Pete Wargent blogspot

Co-founder & CEO of AllenWargent property buyer's agents, offices in Brisbane (Riverside) & Sydney (Martin Place), and CEO of WargentAdvisory (providing subscription analysis, reports & services to institutional clients).

4 x finance/investment author - 'Get a Financial Grip: a simple plan for financial freedom’ (2012) rated Top 10 finance books by Money Magazine & Dymocks.

"Unfortunately so much commentary is self-serving or sensationalist. Pete Wargent shines through with his clear, sober & dispassionate analysis of the housing market, which is so valuable. Pete drills into the facts & unlocks the details that others gloss over in their rush to get a headline. On housing Pete is a must read, must follow - he is one of the better property analysts in Australia" - Stephen Koukoulas, MD of Market Economics, former Senior Economics Adviser to Prime Minister Gillard.

"Pete Wargent is one of Australia's brightest financial minds - a must-follow for articulate, accurate & in-depth analysis." - David Scutt, Business Insider, leading Australian market analyst.

"I've been investing for over 40 years & read nearly every investment book ever written yet I still learned new concepts in his books. Pete Wargent is one of Australia's finest young financial commentators." - Michael Yardney, Australia's leading property expert, Amazon #1 best-selling author.

"The most knowledgeable person on Aussie real estate markets - Pete's work is great, loads of good data and charts, the most comprehensive analyst I follow in Australia. If you follow Australia, follow Pete Wargent" - Jonathan Tepper, Variant Perception, Global Macroeconomic Research, and author of the New York Times bestsellers 'End Game' and 'Code Red'.

"Pete's daily analysis is unputdownable" - Dr. Chris Caton, Chief Economist, BT Financial.

Saturday, 10 June 2017

Lending trends around the traps

Lending finance eases

The trend in total lending finance has eased over the past six months.


Commercial lending has slipped over the past year, while the value of personal lending including credit cards is in a protracted downtrend the like of which we haven't seen before. 

There could be a number of reasons for this, but it seems likely that the use of offset accounts has played a role here. 


At the industry level, it's worth noting that having dropped dramatically since 2015, commercial lending to the mining sector has been sneaking back up over the past six months.

Not a boom, but another indicator that the big declines for mining construction are now in the rear view mirror.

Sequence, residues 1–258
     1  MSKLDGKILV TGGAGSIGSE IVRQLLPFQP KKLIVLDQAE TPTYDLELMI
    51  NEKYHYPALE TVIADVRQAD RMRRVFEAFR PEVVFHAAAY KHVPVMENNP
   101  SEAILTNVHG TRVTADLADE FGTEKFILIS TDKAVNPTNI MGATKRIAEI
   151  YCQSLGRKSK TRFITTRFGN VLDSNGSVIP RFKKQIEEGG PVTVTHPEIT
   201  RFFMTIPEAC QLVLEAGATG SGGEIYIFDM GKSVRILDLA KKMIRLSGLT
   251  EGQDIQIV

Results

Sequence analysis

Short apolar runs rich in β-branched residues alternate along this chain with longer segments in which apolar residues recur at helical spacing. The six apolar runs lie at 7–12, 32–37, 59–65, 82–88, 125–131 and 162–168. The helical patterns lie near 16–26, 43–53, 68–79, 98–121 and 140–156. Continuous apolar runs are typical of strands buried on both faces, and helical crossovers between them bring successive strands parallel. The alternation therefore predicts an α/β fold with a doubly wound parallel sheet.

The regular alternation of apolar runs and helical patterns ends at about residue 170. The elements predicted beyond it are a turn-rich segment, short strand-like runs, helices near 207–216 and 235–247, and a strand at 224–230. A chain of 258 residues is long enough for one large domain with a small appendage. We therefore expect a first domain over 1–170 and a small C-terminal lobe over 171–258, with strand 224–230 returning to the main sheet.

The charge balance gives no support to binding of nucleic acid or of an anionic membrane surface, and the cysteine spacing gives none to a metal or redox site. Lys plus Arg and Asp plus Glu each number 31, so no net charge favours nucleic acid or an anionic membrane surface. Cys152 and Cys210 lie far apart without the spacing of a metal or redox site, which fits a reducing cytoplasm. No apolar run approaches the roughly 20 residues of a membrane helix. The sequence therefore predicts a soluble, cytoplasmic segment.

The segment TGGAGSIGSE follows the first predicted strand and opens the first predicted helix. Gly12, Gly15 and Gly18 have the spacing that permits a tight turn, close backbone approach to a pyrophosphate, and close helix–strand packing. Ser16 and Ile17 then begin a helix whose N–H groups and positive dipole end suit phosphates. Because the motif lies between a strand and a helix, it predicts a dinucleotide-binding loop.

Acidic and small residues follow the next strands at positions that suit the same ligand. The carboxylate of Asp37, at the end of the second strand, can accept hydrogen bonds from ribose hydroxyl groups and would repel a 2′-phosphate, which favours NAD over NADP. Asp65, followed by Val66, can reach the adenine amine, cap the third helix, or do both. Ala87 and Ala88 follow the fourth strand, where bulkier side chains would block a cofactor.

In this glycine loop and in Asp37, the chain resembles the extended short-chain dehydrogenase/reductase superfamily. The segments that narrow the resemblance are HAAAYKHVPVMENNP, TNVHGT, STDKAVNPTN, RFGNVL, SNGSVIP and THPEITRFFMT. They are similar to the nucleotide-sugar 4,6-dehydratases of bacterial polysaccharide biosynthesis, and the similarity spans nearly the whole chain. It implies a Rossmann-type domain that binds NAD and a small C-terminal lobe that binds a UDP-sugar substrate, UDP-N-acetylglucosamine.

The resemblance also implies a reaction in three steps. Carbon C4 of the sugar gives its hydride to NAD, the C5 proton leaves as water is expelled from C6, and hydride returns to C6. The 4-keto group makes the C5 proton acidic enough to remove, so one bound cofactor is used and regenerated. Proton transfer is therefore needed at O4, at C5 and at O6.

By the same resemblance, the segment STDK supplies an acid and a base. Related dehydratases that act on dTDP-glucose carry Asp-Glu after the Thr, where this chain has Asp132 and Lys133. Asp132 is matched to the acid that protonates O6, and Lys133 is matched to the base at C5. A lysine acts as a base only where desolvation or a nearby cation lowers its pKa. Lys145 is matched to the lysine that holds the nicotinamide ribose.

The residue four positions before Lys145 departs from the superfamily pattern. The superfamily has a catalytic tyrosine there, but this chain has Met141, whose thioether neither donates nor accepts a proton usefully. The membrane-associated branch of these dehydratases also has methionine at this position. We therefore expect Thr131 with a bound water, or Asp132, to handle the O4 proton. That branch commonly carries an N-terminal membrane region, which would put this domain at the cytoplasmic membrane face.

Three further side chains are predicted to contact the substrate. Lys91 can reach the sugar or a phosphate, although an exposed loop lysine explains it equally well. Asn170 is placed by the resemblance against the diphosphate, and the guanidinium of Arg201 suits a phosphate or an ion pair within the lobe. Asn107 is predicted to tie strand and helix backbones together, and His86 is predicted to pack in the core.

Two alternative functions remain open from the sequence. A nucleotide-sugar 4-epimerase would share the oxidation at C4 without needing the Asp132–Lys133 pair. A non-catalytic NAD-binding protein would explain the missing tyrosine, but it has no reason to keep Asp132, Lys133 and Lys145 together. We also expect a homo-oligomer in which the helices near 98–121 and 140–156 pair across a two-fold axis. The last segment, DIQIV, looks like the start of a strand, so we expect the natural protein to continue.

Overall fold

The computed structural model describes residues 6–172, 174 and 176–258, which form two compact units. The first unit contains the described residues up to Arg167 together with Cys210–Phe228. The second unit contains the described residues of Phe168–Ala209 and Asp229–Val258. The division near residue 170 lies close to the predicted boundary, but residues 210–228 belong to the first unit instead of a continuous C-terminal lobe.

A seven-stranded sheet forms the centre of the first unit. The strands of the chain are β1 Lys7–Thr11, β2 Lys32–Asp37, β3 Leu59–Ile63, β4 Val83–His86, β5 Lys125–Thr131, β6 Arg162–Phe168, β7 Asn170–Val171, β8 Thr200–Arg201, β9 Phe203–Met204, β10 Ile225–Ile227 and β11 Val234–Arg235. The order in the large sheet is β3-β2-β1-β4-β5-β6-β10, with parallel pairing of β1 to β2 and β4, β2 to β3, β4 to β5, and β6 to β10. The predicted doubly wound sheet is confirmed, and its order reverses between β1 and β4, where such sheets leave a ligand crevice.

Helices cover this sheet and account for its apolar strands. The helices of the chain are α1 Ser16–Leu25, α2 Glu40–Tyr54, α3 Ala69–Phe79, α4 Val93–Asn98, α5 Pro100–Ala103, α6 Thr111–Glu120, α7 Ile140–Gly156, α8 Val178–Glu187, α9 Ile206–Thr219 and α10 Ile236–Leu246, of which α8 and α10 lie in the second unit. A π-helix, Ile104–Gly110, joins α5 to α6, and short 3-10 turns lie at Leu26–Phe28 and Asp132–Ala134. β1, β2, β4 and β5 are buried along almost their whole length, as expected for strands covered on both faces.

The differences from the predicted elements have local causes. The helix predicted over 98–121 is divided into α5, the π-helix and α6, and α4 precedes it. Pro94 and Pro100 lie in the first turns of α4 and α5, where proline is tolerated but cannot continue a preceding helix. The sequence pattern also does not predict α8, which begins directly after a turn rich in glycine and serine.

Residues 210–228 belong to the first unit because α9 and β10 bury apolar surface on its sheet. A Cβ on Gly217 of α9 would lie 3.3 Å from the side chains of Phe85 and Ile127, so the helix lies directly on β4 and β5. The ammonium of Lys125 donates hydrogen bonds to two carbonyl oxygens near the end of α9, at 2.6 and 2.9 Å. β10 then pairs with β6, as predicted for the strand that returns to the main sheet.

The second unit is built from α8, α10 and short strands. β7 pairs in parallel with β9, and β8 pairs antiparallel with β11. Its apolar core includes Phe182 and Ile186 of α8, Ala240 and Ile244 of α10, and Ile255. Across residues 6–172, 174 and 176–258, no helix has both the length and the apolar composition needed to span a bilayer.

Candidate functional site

Commercial lending to the construction sector is still solidly higher year-on-year, but has begun to decline in recent months, if moderately. 

Property investor loans parking back

The value of property investor loans were still higher than a year ago in New South Wales and Victoria, but increased at a far less frantic pace, suggesting that lending curbs are taking an effect.

Queensland saw a weather-impacted wipeout in April, while the annual value of property investment loans in Western Australia is now some 42 per cent below the 2015 peak. 


In Canberra, property investment loans hit another pothole, with uncertainty abounding surrounding rates and land taxation arrangements.


Finally, one of the paradoxes of macro-prudential measures, is that - being macro in nature - they can impact the weakest markets as much as they do the strongest. 

In the Northern Territory the value of property investment loans in April hit the lowest level since 2006. 


This partly reflects lower prices, but mainly it reflects lower volumes as investors seek returns elsewhere and dwelling approvals have crashed, especially for apartments. 

The wrap

Overall, there seems to have been a loss of momentum in commercial lending.

Tallying up the housing figures for owner-occupiers and investors, Sydney and Melbourne continue to shape up strongly, with Tasmania also recording strong levels of lending activity.

It's hard to get a read on Queensland due to the Cyclone activity, but it's clear that the other resources states are languishing. 

Depending on which index you follow, the median asking price for a house in Darwin has continued to decline from about $700,000 to $600,000 since 2013. 

International visitor numbers to the Territory have also declined in recent years, while the largest capital cities have been booming.